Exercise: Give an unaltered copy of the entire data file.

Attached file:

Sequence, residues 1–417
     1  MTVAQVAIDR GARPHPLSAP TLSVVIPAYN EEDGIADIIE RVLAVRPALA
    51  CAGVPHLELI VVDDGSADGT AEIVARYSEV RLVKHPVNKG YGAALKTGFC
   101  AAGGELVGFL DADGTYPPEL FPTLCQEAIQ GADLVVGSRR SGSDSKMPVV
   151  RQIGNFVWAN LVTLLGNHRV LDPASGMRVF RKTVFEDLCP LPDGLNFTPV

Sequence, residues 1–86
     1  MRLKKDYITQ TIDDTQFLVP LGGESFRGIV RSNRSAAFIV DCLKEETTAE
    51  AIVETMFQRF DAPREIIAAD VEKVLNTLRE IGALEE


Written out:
Sequence, residues 1–417
     1  MTVAQVAIDR GARPHPLSAP TLSVVIPAYN EEDGIADIIE RVLAVRPALA
    51  CAGVPHLELI VVDDGSADGT AEIVARYSEV RLVKHPVNKG YGAALKTGFC
   101  AAGGELVGFL DADGTYPPEL FPTLCQEAIQ GADLVVGSRR SGSDSKMPVV
   151  RQIGNFVWAN LVTLLGNHRV LDPASGMRVF RKTVFEDLCP LPDGLNFTPV

Sequence, residues 1–86
     1  MRLKKDYITQ TIDDTQFLVP LGGESFRGIV RSNRSAAFIV DCLKEETTAE
    51  AIVETMFQRF DAPREIIAAD VEKVLNTLRE IGALEE